Risk factors for multi-drug resistant Acinetobacter baumannii nosocomial infection

Surasarang, K.; Narksawat, K.; Danchaivijitr, S.; Siripanichgon, K.; Sujirarat, D.; Rongrungrueng, Y.; Kiratisin, P.

Journal of the Medical Association of Thailand 90(8): 1633-1639


ISSN/ISBN: 0125-2208
PMID: 17926995
Document Number: 3060
Objective: To assess factors associated with multi-drug resistant Acinetobacter baumannii (MDR-AB) nosocomial infection.Material and Method. This hospital-based case-control study was conducted in patients admitted to Siriraj Hospital, Bangkok Thailand between January 1, 2005 and December 31, 2005. The study population consisted of 155 cases with MDR-AB nosocomial infection and 310 controls without nosocomial infection. The cases were matched with controls by age and ward of admission with a ratio of 1:2.Results: The average age of the present study population was 63.5 +/- 18.7 years among cases and 62.9 +/- 18.2 years among controls. The mean of length of stay in hospital among cases was 4.9 +/- 1.4 weeks and controls 1.8 +/- 1.0 weeks. The most common site of MDR-AB nosocomial infection was lower respiratory tract (74.8%). The antimicrobial susceptibility of MDR-AB was 3.9% to cetriaxone and 42.1% to cefoperazone/sulbactam. Multiple logistic regression analysis showed the following associated factors with MDR-AB nosocomial infection: duration of admission prior to MDR-AB nosocomial infection > 1 week (OR = 2.06; 95%CI 1.09-3.89), indwelling urinary catheter > 1 week (OR = 8.24; 95%CI 3.81-17.82), mechanical ventilation > 1 week (OR = 5.73; 95%CI 2.96-11.10), central venous line > 1 week (OR = 3.29; 95%CI 1.48-7.31), nasogastric intubation > 1 week (OR = 6.22; 95%CI 3.24-11.93), prior administration of 3(rd)-4(th) generation cephalosporins (OR = 1.80; 95%CI 1.04-3.13), metrodazole (OR = 2.59; 95%CI 1.21-5.56), and piperacillin-tazobactam (OR = 4.68; 95%CI 1.93-11.32).Conclusion: A case-control study in medical and surgical patients in Siriraj Hospital in 2005 revealed risk factors for AB nosocomial infection. Prolonged admission of more than 2 weeks, use of devices, and prior treatment with certain antimicrobials were found to be significant risk factors for the infection. To reduce the infection, strict infection control measures must be applied to the patients with these risk factors. Education to medical personnel and enforcement of infection control practices are all needed to reduce antimicrobial resistant bacterial nosocomial infection.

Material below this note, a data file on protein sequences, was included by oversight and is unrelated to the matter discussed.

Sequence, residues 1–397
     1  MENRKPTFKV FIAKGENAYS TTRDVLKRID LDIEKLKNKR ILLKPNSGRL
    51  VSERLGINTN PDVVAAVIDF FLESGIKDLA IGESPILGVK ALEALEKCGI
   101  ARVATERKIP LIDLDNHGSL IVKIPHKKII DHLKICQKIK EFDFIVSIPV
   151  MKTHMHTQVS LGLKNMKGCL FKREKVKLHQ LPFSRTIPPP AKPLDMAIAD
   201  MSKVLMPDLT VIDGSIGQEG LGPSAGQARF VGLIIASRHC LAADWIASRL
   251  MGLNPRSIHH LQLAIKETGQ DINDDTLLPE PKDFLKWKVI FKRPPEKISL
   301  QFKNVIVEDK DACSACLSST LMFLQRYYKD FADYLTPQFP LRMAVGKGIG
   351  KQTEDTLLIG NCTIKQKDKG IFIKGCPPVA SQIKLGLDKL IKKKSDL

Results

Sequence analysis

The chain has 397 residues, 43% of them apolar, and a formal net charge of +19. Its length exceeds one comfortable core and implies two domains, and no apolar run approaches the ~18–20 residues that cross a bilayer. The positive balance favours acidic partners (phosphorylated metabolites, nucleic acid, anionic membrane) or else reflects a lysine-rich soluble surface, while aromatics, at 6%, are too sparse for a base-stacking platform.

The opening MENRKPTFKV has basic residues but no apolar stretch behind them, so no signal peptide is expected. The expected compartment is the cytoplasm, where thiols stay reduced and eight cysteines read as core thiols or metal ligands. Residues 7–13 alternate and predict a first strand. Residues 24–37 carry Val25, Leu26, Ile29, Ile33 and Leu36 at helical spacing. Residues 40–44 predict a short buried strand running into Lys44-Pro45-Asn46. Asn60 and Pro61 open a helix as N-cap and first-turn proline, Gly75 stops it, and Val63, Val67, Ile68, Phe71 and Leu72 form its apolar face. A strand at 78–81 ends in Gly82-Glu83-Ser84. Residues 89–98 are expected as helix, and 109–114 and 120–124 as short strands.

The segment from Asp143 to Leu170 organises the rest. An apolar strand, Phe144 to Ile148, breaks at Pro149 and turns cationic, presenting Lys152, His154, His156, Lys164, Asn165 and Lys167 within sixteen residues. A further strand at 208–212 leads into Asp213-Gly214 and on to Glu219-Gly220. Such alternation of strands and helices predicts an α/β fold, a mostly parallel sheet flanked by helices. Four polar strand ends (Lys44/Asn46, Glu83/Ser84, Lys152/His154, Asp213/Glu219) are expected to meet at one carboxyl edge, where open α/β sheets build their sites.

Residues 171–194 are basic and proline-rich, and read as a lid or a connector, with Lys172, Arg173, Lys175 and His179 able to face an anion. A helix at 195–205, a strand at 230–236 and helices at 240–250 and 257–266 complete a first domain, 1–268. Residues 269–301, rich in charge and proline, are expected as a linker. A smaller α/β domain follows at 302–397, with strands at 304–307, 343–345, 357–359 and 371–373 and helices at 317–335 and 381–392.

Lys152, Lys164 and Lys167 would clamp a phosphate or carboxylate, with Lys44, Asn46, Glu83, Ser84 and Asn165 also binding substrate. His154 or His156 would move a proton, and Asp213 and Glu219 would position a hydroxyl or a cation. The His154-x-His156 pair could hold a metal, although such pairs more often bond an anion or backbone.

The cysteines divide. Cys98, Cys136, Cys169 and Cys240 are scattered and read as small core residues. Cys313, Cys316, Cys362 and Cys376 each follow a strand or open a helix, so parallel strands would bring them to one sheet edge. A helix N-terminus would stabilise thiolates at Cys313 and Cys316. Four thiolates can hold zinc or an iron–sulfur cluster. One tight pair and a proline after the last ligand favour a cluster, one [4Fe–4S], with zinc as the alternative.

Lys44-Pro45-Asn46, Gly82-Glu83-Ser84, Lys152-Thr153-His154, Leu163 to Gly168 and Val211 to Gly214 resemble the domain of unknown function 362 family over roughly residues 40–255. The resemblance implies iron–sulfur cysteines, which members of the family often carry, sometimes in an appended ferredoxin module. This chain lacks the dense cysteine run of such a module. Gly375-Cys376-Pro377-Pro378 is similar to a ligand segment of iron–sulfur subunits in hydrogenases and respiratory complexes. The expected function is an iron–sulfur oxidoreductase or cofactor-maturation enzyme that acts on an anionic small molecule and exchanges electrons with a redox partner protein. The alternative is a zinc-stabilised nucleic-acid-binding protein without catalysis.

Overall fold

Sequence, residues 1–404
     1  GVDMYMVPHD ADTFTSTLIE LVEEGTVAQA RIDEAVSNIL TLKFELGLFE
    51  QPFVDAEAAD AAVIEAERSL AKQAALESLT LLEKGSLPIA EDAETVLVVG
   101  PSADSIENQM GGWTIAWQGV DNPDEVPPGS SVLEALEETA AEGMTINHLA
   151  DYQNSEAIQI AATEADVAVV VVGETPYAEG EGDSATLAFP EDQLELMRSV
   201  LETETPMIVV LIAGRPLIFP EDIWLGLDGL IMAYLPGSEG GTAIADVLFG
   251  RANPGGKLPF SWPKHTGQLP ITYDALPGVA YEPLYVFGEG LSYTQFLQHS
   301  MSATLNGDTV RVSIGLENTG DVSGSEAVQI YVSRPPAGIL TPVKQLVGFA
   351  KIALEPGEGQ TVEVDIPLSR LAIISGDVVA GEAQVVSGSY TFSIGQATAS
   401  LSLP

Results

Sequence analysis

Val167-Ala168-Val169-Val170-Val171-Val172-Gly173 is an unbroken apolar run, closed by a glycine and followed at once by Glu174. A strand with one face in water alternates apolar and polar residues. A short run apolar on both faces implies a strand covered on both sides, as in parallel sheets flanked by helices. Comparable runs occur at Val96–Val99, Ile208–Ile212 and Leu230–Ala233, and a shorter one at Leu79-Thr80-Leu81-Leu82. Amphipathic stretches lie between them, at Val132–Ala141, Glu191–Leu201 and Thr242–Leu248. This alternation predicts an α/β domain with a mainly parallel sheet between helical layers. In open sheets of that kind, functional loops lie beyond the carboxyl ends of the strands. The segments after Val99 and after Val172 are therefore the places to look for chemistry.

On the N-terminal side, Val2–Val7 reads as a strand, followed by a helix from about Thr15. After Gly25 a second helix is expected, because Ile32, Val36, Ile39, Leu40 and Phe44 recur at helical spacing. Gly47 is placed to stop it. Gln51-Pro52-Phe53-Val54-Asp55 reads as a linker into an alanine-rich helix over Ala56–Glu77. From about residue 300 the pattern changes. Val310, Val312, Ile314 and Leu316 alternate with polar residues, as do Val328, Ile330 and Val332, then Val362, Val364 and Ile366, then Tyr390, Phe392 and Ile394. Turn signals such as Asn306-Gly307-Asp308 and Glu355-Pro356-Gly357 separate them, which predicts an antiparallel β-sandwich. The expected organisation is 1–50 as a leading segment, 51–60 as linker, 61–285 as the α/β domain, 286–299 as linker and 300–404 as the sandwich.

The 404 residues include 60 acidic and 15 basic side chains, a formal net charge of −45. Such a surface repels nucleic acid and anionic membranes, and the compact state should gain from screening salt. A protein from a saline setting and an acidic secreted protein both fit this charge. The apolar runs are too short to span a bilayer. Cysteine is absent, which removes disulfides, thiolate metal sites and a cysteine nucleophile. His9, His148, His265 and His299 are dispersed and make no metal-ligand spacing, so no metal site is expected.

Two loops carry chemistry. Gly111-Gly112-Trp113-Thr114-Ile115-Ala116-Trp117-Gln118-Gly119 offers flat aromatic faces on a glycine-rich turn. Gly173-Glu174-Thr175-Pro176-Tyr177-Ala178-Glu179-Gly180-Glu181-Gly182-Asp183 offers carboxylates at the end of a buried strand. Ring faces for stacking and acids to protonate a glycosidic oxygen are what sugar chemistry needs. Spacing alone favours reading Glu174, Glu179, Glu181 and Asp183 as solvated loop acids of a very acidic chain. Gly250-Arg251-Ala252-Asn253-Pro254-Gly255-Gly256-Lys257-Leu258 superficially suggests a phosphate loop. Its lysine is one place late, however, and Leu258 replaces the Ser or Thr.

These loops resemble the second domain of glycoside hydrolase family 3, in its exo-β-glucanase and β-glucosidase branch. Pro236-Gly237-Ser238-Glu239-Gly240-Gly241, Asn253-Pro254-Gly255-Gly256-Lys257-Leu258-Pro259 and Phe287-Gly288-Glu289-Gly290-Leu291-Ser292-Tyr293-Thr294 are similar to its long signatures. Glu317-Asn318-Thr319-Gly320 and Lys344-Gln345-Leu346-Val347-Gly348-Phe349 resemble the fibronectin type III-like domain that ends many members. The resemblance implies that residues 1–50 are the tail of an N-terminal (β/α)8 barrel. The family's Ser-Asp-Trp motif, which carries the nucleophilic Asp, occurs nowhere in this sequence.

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Risk factors for multi-drug resistant Acinetobacter baumannii nosocomial infection